After the peak of pleasure, the body usually slides into a state of satisfied relaxation — but not always. “Like their male counterparts, women can experience pelvic heaviness and aching if they do not reach orgasm,” says Ian Kerner, Ph.D., a certified sex therapist and author of She Comes First: The Thinking Man’s Guide to Pleasuring a Woman. In fact, Dr. Kerner says, “many women complain that a single orgasm isn’t enough to relieve the buildup of sexual tension,” which can leave us with our own “blue balls.” Don’t worry: Like the male version, it’s harmless.
Big “O” Blockers
So what goes wrong on those nights when the fuse gets lit but the bomb never explodes? “Nine times out of 10 it’s because [the woman isn’t] getting enough continuous clitoral stimulation,” Dr. Kerner says. Often, “A woman will get close to orgasm, her partner picks up on it, and [then he either] orgasms immediately or changes what he was doing.”
That’s why Dr. Kerner frequently recommends the woman-on-top position. Because you control the angle and speed of the thrusts (try a back-and-forth motion so that your clitoris rubs against your partner’s abdomen), it allows for the most constant clitoral stimulation. Another solution is to find a position that mimics how you masturbate. If you have solo sex by lying on your belly and rubbing your clitoris with your hands tucked beneath you, then your man can enter you from behind in that position. By watching you he’ll also get a better sense of the stimulation you need.
“Spectatoring” is another problem that can trip women up. “It’s when a woman is too concerned with her appearance and/or performance to actually enjoy herself,” Dr. Kerner says. There’s no way you’re going to have an orgasm if you’re fretting about your cellulite or stressing over whether your newest as-seen-on-late-night-cable moves feel good for him. Instead, you have to let the erotic sensations register in your mind. Focus. Breathe. Let go. “It may seem counterintuitive,” he says, “but you need to relax to build sexual tension.”
The best preparation for a big orgasm is probably a long, steamy shower, full-body massages by and for your man — or 10 minutes of steady oral sex, if you can get it. It’s not so much your body that needs the R&R as your mind. “Many women need a transition period between dealing with the stress of everyday life and feeling sexual,” Dr. Kerner says. “A few minutes of foreplay usually isn’t enough.” Doing something ritualistic and soothing that will clear your head of to-do lists, work issues, family problems, and whatever else might be distracting you from connecting with your body is essential to feeling ecstatic.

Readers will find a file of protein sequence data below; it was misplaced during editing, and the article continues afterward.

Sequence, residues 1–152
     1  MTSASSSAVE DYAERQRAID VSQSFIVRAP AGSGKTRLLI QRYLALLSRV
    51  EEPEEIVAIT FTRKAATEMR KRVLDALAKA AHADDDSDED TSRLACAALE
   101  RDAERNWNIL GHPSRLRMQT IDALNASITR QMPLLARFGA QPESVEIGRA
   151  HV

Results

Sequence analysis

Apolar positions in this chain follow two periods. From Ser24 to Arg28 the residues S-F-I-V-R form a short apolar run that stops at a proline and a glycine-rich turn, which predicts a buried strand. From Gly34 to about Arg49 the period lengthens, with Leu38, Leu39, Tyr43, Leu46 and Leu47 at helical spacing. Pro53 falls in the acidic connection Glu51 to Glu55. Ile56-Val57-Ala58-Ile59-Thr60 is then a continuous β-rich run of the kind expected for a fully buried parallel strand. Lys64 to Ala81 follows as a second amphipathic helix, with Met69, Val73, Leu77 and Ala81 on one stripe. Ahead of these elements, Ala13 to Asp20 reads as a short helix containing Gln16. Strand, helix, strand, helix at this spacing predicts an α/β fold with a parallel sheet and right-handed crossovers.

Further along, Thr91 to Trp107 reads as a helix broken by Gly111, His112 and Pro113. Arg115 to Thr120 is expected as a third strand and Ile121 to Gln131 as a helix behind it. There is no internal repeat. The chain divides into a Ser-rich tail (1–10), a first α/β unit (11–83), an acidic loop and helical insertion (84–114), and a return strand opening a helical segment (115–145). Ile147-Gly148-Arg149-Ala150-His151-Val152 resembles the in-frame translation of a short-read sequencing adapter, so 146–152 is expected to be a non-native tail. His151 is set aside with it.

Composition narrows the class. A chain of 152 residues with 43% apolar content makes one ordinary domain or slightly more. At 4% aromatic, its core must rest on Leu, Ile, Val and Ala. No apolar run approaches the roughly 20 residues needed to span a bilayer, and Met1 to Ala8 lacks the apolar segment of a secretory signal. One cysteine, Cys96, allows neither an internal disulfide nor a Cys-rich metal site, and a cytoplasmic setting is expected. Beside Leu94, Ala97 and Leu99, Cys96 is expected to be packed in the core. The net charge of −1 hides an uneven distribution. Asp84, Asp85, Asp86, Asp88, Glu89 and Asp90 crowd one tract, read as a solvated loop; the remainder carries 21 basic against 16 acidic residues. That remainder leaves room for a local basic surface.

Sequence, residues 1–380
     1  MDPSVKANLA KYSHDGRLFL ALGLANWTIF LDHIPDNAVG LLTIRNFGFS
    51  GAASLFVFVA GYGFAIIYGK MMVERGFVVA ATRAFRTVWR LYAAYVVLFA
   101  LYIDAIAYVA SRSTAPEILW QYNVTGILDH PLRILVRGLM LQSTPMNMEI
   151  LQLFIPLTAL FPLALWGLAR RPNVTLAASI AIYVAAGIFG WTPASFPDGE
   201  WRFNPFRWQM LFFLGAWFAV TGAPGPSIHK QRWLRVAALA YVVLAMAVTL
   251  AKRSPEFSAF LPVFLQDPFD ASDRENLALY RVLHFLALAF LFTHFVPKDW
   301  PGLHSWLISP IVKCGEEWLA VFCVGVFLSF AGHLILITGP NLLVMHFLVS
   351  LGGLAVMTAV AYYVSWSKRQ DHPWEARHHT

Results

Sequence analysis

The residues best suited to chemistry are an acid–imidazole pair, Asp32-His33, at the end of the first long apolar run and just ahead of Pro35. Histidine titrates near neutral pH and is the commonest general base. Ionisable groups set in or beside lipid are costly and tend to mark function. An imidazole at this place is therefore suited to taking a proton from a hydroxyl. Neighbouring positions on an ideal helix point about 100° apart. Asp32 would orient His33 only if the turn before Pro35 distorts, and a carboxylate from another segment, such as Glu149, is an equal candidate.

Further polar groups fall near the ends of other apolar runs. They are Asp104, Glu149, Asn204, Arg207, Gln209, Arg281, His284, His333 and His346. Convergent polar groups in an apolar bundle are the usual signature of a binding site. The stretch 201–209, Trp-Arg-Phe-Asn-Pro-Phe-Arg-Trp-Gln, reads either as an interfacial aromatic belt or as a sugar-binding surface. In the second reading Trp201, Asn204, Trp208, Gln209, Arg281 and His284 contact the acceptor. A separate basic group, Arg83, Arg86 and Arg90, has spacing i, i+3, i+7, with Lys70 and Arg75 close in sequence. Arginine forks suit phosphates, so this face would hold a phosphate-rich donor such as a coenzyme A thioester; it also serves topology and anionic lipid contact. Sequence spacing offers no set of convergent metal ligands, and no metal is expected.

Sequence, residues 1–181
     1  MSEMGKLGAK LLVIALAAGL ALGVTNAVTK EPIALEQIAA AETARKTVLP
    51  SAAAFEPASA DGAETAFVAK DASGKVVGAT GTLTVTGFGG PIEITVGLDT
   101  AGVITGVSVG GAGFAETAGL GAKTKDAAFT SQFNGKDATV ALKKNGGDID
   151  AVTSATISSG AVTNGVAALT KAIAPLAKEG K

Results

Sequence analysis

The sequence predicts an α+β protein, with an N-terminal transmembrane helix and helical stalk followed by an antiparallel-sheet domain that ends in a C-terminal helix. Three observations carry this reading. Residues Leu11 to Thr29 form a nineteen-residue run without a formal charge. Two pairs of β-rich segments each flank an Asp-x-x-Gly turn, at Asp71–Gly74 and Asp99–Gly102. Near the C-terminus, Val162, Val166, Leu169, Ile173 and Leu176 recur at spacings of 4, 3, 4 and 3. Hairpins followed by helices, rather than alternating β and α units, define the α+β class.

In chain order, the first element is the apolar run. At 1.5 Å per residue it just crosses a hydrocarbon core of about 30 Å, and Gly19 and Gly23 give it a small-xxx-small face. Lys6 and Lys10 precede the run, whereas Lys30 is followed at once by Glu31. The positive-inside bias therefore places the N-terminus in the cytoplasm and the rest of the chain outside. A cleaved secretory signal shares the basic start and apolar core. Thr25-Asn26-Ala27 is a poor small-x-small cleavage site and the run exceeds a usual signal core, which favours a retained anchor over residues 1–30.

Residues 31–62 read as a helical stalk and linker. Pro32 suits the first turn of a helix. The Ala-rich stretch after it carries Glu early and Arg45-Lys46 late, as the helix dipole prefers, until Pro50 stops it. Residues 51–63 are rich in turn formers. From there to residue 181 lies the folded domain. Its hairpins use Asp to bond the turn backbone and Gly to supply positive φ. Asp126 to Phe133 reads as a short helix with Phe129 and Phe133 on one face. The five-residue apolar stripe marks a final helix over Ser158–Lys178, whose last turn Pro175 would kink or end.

A Hormone Worth Getting Excited About
The most fascinating orgasmic side effect of all happens in the brain. During the big moment, the hypothalamus releases extra oxytocin into your system. Called the “cuddle hormone,” oxytocin has been correlated with the urge to bond, be affectionate, and protect (new moms are drunk on the stuff). Since an increase in oxytocin has been shown to strengthen the uterine contractions that transport sperm to the egg, those findings are giving evolutionary biologists new hope. According to Dr. Lloyd, it’s conceivable that the additional oxytocin gives enough of a boost to contractions that orgasm could play a part in conception after all. “Of all the avenues of orgasm research, I think the oxytocin avenue is the most promising,” she says. It’s even been hypothesized that having an orgasm and releasing that tide of oxytocin is a woman’s subconscious way of approving of her partner as a potential dad.
The latest news is that this cuddle hormone might also be linked to our ability to trust. In a recent study at the University of Zurich, scientists asked 178 male college students to play an investment game with a partner they’d never met. Half of the students used an oxytocin nasal spray (not yet available in the United States) beforehand; half used a placebo. Those with the spray containing oxytocin were more than twice as likely to feel comfortable giving all of their money to their anonymous (but legitimate) partner. If oxytocin can help women feel more at ease about letting go and intensify orgasmic contractions, we might all want a bottle of the stuff stashed in our bedside drawers someday soon.